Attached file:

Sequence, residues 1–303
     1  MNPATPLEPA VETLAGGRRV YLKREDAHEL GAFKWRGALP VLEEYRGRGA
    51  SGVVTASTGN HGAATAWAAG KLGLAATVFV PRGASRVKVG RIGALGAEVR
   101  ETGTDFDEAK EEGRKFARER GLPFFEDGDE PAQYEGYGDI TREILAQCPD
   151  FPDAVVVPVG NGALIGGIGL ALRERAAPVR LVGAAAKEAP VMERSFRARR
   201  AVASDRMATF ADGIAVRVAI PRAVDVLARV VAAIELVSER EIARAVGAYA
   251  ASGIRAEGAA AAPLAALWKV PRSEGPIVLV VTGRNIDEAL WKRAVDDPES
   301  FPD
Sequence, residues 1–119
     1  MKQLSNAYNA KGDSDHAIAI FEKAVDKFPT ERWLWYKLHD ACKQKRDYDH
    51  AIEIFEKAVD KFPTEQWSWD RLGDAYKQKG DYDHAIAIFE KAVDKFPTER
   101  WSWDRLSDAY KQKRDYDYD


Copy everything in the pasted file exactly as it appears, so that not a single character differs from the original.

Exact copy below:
Sequence, residues 1–303
     1  MNPATPLEPA VETLAGGRRV YLKREDAHEL GAFKWRGALP VLEEYRGRGA
    51  SGVVTASTGN HGAATAWAAG KLGLAATVFV PRGASRVKVG RIGALGAEVR
   101  ETGTDFDEAK EEGRKFARER GLPFFEDGDE PAQYEGYGDI TREILAQCPD
   151  FPDAVVVPVG NGALIGGIGL ALRERAAPVR LVGAAAKEAP VMERSFRARR
   201  AVASDRMATF ADGIAVRVAI PRAVDVLARV VAAIELVSER EIARAVGAYA
   251  ASGIRAEGAA AAPLAALWKV PRSEGPIVLV VTGRNIDEAL WKRAVDDPES
   301  FPD
Sequence, residues 1–119
     1  MKQLSNAYNA KGDSDHAIAI FEKAVDKFPT ERWLWYKLHD ACKQKRDYDH
    51  AIEIFEKAVD KFPTEQWSWD RLGDAYKQKG DYDHAIAIFE KAVDKFPTER
   101  WSWDRLSDAY KQKRDYDYD